For a restaurant chain, social media is an unforgiving place. The company might have a workforce that stretches to six figures but it only takes the poor service of one surly teenaged burger-flipper for a public complaint to be posted on Facebook for millions of people to see. Thousands of outlets staffed by hundreds of thousands of minimum wage workers serving millions of customers a year make those grumbles inevitable. The “Recent posts by others” box on Pizza Hut’s Facebook page, for example, shows four posts all of which are currently complaints. One customer is unhappy that his pizza came eight minutes late; another says the bowl was too small; a third didn’t receive his midnight meal; a fourth posted a picture of a badly-packed take-out box. They’re the sort of problems that should be solved by a quiet chat and an apology from the manager; on Facebook they’re blown into brand-damaging proportions and they drown out the majority of satisfied customers. And the company has no control over that content. Brands are aware that the only thing worse than allowing customers to post complaints on their pages is the complaints that they would receive if they tried to censor them. The best they can do is to offset those moans with a strong content strategy. A Buffet Of Food Photos The restaurant brands of the Fortune 500 have content strategies that are largely successful. Although Pizza Hut’s comments and wall posts do occasionally show squashed pizzas and badly arranged toppings, the page itself is rich with professional food photography of tempting slices and open boxes. Some of the pictures are accompanied by text that carries the item’s price but the strategy largely seems to be to show the brand, display the menu options and build appetite. In addition to that product-based content, some brands also engage in customer service. Olive Garden’s Facebook page is a buffet of professional food photos. The comments beneath those pictures can be divided between praise for good dining experiences or, more commonly, complaints about poor service. Each of those complaints is met with an apology and a request for the disgruntled customer to get in touch privately. (While those replies show that the company is listening, the suggestion that complainants may be rewarded with gift cards may also act as an incentive for customers to post more complaints.) McDonalds follows a broader content strategy. In addition to showing pictures of its menu items, the company also posts commercials that contain its branding messages, photos of events that it sponsors and even in one picture a shot of red and yellow balloons. The images show a wider variety of content than those found on Pizza Hut’s page but the company also has a policy of not responding to customer comments. A post on McDonalds’ page will typically pick up anywhere from 150 comments to more than 1,000. Those comments will include accusations of animal abuse and toxic food products, complaints about unfriendly staff, spam messages offering work-at-home jobs and stock tips, and occasional protestations of love for particular menu items. McDonalds ignores all of them. The policy may appear unfriendly and, in not clearing out spam, even untidy. But it does put the page’s emphasis on the content rather than on the comments and...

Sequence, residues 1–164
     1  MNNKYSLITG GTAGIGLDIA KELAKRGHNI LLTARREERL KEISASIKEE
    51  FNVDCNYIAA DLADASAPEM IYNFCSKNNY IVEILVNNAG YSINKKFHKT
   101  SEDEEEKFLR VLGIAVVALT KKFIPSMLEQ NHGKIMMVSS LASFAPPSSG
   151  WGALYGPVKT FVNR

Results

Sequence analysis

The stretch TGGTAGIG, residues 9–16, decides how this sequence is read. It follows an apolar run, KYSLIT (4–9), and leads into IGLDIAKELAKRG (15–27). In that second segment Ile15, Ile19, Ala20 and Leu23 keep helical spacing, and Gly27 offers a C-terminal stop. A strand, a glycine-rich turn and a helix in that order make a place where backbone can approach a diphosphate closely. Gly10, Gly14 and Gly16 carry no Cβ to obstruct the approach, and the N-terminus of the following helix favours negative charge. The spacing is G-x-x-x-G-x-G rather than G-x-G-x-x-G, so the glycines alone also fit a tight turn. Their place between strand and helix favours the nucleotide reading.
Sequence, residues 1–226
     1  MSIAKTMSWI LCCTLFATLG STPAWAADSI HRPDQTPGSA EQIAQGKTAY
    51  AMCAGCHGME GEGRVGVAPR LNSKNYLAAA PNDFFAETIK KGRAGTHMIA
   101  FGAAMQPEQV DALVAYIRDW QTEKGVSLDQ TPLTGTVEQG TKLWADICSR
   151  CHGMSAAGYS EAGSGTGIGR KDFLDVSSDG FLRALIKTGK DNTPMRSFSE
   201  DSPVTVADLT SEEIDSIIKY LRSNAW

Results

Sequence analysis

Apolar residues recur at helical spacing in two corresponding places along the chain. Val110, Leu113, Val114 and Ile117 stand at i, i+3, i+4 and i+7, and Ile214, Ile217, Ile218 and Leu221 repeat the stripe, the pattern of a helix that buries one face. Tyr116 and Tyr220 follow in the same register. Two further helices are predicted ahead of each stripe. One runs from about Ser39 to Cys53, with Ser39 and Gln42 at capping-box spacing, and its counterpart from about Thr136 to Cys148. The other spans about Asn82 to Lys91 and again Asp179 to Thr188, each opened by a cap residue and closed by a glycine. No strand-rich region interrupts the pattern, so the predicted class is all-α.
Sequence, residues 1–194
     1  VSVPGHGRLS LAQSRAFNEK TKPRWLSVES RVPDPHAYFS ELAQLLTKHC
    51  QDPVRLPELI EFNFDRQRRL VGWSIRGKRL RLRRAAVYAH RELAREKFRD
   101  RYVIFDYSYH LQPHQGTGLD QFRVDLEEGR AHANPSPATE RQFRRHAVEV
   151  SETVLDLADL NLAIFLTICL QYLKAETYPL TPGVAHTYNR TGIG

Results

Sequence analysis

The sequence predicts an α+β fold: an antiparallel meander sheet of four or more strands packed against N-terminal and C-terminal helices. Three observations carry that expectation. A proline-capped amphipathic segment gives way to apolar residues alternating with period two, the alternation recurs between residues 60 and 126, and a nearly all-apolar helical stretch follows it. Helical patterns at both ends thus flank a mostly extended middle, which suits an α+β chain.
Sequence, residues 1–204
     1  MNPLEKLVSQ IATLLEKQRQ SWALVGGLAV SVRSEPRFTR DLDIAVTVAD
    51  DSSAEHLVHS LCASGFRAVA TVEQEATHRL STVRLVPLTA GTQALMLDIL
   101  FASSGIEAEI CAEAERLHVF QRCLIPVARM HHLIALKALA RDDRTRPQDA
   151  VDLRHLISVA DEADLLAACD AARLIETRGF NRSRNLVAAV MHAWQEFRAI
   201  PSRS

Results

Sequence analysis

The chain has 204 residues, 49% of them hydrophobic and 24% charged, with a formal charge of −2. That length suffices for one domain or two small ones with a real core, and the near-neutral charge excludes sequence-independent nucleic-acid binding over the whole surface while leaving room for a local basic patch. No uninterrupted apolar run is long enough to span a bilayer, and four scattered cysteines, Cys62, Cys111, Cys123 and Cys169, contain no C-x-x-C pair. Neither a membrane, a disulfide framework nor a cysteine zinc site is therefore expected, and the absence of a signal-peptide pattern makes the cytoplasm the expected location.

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For Fortune 500 Retailers Selected Product Posts Win Engagement

Posted by on 12:24 pm in social media | 0 comments